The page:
Beef Tagine with Apples, Sesame, and Raisins

DSC_0540.aJPGI love summer food; love the shift from stovetop to grill and outdoor eating, the fresh vegetables, and the salads, berries, and summer fruit. But with the advent of warm weather, I have to set aside BRAISING, which is my favorite way to prepare meat. Braising, in which (usually) meat is (usually) first browned and then cooked slow and low in liquid, is the best way to cook cheap cuts of meat (unless you plan to barbecue them – more about barbecue and a fabulous weekend competing with friends at the British Barbecue Society’s Grassroots Shake and Sauce – and winning the prize for Best Newcomers! – in another post). But in hot weather, the thought of turning your kitchen into a sauna courtesy of a six-hour braise is only slightly less appealing than the thought of eating the stew that results. Moroccans, however, have mastered the hot-weather braise. I’m speaking, of course, of the tagine. Continue reading

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Caramelized Onion, Apple, and Beetroot Tart

DSC_0350aI had never heard the term “the hungry months” until I came to London. Going to farmers markets in February and March, however, it takes on resonance. There are bins of tubers, alliums, parsnips, beets, last fall’s apples, and not much else. If you want to do truly locavore eating in the chilly North, these foods are your staple ingredients. But they are cheap! And, actually, wonderfully versatile. For example, the under-regarded onion is marvellously adaptable. Last week, I bought a lot of monstrous firm yellow onions thinking I’d use them for onion jam. From that initial premise sprang this tart, in which the onion jam is modified into a gently sweet onion and apple compote, topped with beetroots that have first been slow roasted, and served on crispy puff pastry with pinenuts and rosemary. The end result doesn’t taste like winter food at all; it tastes sunny and Mediterranean, like something you’d enjoy on a terrace with a glass of crisp white wine. Continue reading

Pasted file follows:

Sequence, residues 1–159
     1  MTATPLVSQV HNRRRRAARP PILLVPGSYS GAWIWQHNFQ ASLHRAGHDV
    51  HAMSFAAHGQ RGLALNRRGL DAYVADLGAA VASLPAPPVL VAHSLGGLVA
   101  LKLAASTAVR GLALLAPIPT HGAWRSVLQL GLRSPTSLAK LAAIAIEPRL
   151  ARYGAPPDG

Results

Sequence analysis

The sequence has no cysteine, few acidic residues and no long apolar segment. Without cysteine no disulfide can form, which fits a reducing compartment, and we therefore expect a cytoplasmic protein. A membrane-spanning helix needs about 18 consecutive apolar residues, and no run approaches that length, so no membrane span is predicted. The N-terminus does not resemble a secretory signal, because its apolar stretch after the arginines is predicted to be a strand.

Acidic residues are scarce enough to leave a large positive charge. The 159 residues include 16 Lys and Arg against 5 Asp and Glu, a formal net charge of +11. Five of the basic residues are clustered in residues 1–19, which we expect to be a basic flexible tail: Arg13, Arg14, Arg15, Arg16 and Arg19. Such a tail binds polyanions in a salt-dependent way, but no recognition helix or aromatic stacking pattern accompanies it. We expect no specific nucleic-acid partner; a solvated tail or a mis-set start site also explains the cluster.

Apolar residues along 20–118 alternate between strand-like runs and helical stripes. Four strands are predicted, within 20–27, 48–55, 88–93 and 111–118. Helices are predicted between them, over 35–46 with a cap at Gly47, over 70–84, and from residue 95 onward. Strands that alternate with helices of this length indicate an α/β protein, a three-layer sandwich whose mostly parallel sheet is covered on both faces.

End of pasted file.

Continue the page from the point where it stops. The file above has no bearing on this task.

Classic Tarte Tatin

Tarte Tatin is my absolute favourite go-to recipe when I need to produce a nice dessert in a hurry. It’s the ultimate crowd pleaser: a classic tarte tatin consists simply of rich apple-flavoured butter caramel surrounding soft, tender cooked fruit on flaky, buttery, puff pastry. Served warm with a dollop of crème fraiche, there is NOTHING BETTER. And your friends – particularly the ones who don’t bake – have no idea how simple it is. (People are resistant to the idea that something so delicious can be so easy to make.) The beauty of a tarte tatin is that you can make it in less than two hours with minimal fuss. If you’re an expert apple peeler and corer, you can make it in under an hour and a half. Continue reading